Nothing Marginal About It

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A couple of weeks ago we were in Maine and took a walk along one of the prettiest shorelines that I have ever seen.  I’m quite used to walking along the West Coast but I found the East Coast walk simply charming.

We couldn’t have asked for a better day to take the paved one mile walk (The Marginal Way) from Ogunquit to Perkins Cove.  I don’t think these photos do it justice but I wanted to share them anyway.  Should you ever travel to Maine, you really must look this place up and take the walk.  I finished our walk wishing that the path was twice as long.  I suppose we could have walked it twice but why spoil a splendid moment?  Is there any place that you would like to return to?  I am very sure that I will return to The Marginal Way with the hope that I can spend a lot more time, next time I am there.

Gone But Not Forgotten

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A few years ago I traveled to Stony Creek Connecticut with the hope that I would view the old granite quarry lily pond that my grandmother had hoped to see one last time when she made her final journey to her hometown.  She did not take photos of it, so I must presume, given the time of year, that she was not lucky enough to stop and marvel in its beauty once again. 

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Saw Mill Granite Lily Pond

I had envisioned that the entire pond would be filled with water lilies.  There were many, but not as many as my imagination had conjured up.  There were thousands of lily pads that appeared to be a delicious meal for some sort of hungry bug.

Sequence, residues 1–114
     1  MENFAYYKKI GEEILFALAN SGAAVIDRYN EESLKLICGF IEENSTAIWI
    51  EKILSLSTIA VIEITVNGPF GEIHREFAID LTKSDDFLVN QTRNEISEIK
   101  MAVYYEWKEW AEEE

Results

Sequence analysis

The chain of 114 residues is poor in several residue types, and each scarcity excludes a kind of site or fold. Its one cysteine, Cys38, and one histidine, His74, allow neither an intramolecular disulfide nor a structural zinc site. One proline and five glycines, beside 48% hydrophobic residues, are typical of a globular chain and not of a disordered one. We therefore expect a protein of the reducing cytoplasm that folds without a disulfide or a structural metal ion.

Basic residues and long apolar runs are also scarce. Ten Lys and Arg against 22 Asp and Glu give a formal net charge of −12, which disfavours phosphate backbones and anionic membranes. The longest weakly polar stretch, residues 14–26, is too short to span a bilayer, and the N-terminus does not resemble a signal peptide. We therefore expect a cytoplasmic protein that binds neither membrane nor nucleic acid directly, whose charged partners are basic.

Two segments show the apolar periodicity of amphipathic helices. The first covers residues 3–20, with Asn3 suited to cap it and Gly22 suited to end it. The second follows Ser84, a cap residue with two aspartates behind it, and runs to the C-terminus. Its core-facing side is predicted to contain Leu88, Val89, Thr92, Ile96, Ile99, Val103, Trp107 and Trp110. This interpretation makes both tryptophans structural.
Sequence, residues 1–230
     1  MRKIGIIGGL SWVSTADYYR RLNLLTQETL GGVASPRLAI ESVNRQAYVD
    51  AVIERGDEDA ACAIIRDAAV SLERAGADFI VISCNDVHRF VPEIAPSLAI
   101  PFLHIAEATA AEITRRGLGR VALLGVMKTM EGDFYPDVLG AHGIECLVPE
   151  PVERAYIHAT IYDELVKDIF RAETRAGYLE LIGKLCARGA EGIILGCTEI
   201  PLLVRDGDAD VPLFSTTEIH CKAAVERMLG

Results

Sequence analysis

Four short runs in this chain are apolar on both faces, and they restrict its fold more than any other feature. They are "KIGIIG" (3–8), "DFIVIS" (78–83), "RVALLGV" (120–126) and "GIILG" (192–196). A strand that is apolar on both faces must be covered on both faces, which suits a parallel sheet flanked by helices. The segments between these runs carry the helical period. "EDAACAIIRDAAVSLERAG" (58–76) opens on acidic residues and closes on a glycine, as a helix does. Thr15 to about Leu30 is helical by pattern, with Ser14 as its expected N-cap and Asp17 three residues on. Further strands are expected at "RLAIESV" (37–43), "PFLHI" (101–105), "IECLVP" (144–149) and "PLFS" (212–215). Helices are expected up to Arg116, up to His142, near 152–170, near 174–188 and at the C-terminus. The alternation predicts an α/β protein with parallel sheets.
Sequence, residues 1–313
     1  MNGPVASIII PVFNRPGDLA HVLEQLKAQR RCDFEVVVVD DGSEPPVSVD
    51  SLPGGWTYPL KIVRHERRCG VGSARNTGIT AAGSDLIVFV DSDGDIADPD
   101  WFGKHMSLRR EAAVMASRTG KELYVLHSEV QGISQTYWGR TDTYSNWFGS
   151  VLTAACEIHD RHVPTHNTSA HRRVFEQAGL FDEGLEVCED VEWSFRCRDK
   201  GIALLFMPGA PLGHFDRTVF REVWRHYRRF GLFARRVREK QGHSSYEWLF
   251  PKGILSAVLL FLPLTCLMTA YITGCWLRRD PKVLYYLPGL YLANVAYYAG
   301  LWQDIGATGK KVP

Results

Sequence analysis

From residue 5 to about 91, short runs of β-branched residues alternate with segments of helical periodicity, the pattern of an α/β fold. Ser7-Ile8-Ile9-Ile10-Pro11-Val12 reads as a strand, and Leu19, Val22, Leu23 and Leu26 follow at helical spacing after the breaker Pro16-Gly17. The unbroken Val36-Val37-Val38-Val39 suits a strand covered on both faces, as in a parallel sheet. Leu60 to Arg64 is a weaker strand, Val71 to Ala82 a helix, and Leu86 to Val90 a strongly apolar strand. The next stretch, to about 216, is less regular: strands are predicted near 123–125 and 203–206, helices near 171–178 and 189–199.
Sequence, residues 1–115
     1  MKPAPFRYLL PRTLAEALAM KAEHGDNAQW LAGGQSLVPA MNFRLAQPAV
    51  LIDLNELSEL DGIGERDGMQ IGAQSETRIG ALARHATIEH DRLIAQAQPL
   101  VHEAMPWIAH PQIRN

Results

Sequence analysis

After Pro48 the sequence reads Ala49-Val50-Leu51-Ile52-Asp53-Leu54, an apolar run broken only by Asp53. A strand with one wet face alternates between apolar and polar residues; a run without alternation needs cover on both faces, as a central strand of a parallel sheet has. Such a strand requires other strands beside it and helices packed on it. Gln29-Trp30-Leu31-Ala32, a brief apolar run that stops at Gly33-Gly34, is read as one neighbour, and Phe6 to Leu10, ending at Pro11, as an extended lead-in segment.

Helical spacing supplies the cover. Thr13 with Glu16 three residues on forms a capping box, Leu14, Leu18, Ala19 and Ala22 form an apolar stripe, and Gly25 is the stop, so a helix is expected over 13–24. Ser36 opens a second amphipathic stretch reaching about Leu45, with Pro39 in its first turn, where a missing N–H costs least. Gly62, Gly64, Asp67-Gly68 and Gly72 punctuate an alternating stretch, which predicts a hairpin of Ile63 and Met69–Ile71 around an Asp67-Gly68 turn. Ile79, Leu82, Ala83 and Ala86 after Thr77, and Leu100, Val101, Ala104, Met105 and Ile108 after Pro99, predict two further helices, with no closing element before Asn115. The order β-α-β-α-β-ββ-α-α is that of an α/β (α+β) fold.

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Single Lilies with Thousands of Pads

The surrounding buildings are as beautiful as the lilies are on the pond.

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Pond Reflection on Stained Glass

A couple of years ago we went to stay at an old inn at the end of Linden Point Rd.  I wrote a poem about the place and it is on page 65 in my new book “In Memory Of…”  Little did I know how true the poem would become.  I will share just a bit of it below this next photo.  You can see to the left that the inn is no longer there.  The people across this inlet bought the property and tore down the old house/inn.  They wanted a less obstructed view.  They took the two pine trees down as well but left the granite stone that had been used by the indians to grind grain.  (It’s all in the poem.)

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Once There Was An Inn & Then There Was None

This place where I am sitting

Comes to fill me with delight

I know some day it will vanish

Erased from memory, and from sight

Is there a place that you remember that may have vanished from this earth?  Do you wish that you could view it one last time?  Maybe it’s a good time to go and discover if your memories still exist in that place.